Eating Seasonally

As I grow older, I realize that I take many things for granted. High on this list is the accessibility of foods. I’ve always been more or less able to get whatever food I want whenever I want, because the grocery store is just a hop, skip, and jump away with an abundance of food- all kinds of fruits and vegetables and other things, and I never really questioned how any of it got there and at what cost. Obviously they came from a farm, but which farm? Where was it grown and how long was the drive? Those are important questions for having a sustainable consumer culture. The current supply-and-demand system promotes a huge amount of wasteful gas expenditure, carrying food thousands of miles from its origin, bringing less fresh and less tasty food at a cost to the environment (not to mention the monetary cost of gas).

There’s also the less tangible cost of becoming spoiled. Because I’ve always had access to these foods, I don’t think I truly appreciate them. Oranges in particular used to be a very rare, special thing, because it only grew in certain areas. They were treasured, a sign of luxury. And they taste good. I can only imagine the joy of these people when they eat these oranges, because they’ve become so commonplace for me that I ignore them. In fact, I sometimes find them too troublesome to open and I just don’t eat them.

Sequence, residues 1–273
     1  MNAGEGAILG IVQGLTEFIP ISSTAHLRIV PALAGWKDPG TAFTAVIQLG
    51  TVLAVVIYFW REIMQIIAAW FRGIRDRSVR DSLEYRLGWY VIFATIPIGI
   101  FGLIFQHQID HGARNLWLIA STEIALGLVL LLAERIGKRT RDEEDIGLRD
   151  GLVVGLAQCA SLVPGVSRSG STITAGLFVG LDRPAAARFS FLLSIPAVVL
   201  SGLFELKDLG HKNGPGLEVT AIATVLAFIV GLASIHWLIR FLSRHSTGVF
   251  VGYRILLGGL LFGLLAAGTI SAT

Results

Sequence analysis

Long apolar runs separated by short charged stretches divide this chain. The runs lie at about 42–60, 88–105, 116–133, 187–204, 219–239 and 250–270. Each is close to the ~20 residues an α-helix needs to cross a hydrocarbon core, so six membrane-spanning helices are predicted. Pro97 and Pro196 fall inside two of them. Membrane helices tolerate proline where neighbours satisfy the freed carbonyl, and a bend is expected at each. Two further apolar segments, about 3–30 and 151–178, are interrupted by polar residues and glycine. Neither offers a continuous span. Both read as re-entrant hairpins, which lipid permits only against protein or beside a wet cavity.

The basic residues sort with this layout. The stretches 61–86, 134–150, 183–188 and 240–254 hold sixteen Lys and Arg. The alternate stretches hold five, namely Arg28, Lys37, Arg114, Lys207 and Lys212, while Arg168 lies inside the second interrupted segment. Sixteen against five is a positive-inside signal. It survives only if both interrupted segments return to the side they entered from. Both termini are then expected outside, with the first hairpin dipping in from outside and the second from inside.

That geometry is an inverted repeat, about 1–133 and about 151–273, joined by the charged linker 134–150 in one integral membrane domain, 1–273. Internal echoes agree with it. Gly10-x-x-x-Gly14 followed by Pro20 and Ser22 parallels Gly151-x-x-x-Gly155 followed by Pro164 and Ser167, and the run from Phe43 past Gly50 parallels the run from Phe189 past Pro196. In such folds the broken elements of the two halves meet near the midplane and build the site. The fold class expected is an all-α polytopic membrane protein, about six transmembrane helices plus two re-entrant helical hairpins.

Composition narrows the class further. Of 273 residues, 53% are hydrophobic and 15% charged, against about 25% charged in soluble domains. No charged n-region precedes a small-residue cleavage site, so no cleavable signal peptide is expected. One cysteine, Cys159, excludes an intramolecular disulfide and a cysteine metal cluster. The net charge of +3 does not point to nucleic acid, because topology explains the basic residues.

To personally adjust my behavior, I would like to start going to farmer’s markets and buying locally. As it stands, though, I don’t eat very many fresh foods anyway. I find myself too busy and overwhelmed generally to prepare foods, so I eat a lot of either frozen foods or simple sandwiches, or I eat at Brickman’s. But I should try to eat locally, for more ways than one: not only does it help the local farmer, it also helps me, and it helps the environment.


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